Black as pitch, Never Grow Old is a convincing thriller set in 1849 in an American settlement ruled over by a psychopathic thug, played with consummate, unadulterated evil by John Cusack.
As the film begins, the faithful are gathered to hear the preacher tell them that he knows business has suffered due to the ban imposed by him on alcohol, gambling and prostitutes. Yet who among the congregation would wish to see the town return to previous excesses, he asks rhetorically in an impassioned tone. No one deigns to reply in the affirmative, his flock are God-fearing people.
Among them is the Irish undertaker and carpenter Patrick Tate (Emile Hirsch). Business is bad for him too, less people in the settlement means less coffins, less houses. He survives by farming his bit of land. He dreams of going over the Rocky Mountains to California for a better life. Meanwhile, life proceeds pleasantly enough with his wife (Déborah François) and two children.
One rain-sodden night, Christopher 'Dutch' Albert (John Cusack) arrives with two no-good accomplices, baying for the blood of Bill Crabtree, a former friend who double-crossed Dutch. The psychopathic thug menaces Bill’s wife and child and says he wants to get so close to Crabtree that he can blow his head "clean off".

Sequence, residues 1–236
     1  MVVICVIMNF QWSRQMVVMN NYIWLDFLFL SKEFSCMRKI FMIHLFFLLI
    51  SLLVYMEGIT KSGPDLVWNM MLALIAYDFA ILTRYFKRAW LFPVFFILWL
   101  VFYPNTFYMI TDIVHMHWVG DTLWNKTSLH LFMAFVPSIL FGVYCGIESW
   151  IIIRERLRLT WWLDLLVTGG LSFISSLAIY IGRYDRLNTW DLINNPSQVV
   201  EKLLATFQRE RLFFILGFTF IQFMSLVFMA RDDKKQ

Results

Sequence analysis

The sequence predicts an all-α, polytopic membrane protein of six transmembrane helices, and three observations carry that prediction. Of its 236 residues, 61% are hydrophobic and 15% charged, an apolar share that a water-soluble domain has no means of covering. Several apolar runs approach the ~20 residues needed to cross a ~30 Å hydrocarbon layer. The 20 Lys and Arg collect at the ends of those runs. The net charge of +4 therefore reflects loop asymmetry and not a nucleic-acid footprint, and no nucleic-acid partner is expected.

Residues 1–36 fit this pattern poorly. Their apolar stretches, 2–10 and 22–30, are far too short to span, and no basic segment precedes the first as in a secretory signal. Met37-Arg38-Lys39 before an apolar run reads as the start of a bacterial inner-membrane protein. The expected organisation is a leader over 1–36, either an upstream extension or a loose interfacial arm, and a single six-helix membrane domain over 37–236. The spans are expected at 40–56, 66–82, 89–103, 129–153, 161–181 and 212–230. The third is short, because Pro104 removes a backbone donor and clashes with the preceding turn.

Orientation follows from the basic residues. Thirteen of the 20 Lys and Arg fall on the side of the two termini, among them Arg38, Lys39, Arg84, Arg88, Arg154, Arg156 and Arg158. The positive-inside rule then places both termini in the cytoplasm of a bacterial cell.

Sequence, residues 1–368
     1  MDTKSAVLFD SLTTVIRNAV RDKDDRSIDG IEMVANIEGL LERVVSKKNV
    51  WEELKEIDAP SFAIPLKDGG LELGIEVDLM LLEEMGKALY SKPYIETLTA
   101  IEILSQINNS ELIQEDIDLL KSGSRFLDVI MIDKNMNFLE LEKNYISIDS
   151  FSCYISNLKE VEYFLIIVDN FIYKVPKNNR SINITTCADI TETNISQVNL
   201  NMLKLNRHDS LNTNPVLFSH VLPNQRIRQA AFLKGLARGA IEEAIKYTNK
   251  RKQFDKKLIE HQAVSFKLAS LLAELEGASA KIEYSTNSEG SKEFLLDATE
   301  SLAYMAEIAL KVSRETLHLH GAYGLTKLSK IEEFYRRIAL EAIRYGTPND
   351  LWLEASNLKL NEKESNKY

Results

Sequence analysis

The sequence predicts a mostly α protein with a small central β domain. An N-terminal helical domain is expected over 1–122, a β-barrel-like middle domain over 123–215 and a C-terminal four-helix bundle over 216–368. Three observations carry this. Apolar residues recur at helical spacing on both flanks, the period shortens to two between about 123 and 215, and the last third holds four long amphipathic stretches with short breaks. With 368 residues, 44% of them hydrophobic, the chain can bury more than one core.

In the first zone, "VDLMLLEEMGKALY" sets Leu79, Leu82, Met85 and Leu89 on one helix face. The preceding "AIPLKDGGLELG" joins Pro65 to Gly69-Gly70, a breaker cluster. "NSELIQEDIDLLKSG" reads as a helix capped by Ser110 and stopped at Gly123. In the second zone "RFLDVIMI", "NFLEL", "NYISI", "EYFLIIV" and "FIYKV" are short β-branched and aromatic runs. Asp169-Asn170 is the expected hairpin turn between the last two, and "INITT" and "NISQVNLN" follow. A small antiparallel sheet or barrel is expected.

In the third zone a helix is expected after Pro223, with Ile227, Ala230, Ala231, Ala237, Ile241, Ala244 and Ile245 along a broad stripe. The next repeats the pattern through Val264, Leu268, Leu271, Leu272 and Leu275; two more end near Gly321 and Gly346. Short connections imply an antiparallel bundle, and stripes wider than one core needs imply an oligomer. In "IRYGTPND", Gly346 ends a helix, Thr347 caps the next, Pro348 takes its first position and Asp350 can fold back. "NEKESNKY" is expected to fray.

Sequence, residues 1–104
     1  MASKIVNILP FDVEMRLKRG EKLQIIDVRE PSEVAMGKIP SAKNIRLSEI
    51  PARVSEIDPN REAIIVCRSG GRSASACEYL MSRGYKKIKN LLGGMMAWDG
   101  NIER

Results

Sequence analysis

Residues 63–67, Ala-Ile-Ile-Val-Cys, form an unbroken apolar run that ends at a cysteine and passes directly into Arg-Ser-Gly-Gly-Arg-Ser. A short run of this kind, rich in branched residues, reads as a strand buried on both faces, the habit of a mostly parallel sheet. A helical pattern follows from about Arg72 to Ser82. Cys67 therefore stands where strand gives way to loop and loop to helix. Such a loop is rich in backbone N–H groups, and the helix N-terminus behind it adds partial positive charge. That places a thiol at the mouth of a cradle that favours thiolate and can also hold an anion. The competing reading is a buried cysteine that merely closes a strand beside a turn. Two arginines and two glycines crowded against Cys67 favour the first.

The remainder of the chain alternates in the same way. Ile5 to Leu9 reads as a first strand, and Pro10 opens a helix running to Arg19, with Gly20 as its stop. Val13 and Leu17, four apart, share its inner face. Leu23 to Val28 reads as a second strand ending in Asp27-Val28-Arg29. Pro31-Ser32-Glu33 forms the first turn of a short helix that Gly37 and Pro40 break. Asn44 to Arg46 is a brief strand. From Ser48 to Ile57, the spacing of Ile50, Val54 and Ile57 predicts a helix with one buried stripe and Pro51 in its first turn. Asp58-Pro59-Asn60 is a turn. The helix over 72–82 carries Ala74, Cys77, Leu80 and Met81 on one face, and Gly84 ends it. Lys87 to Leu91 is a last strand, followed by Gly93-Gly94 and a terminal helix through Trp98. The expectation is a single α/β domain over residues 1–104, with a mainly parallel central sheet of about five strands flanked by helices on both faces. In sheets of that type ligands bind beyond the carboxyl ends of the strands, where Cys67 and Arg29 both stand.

"Sometimes I think the whole world is strung together by lies but I'm not going to lie to you ma'am, I'm going to kill your husband," says Dutch, dripping lead-hot badness.
Meanwhile, the saloon is closed, due to the preacher's prohibitions, but Dutch bullies the owner into reopening, promising him $1,000 and his job as saloon keeper maintained. Soon business is booming again but the body count is on an alarming increase.
Dutch provokes the kind of action that grants him, as he sees it, the right to kill, violently, coldly. The ineffectual sheriff, the preacher, and indeed men like Tate the undertaker stand helplessly by while Dutch slowly builds his reign of terror in the town.
Who are the real cowards is the unasked question until Dutch asks it in as many words in this fine film which was shot in County Galway and Luxembourg. The thug pays Tate to bury two of his victims, while the Sheriff also pays the undertaker to bury locals who fall foul of him. Tate is certainly making a few bob now, and "30 pieces of silver" is the slur finally slung by an embittered woman.
Ultimately, he must make a decision about where he and his family are going. The money is beginning to sour his marriage and California might be the best option. In the meantime, will he have the courage to confront Dutch?
Incidentally, Déborah François, the actress who plays Tate's wife was a mere 17 when she played the young mother in the Dardennes brothers' brilliant, Palme d'Or-winning 2005 movie, L'Enfant, which was in fact Mlle François's first film.
This slowly uncoiling drama is based on a smart, convincing screenplay. Mind you, the Coen brothers could not make Never Grow Old with a straight face; it would descend into manic comedy, even if they tried not to make it so.
Or you could say too that it is Tarantino without the zany bits. Notwithstanding the giddy desire for parody, this is the pure drop in terms of mesmerising period horror.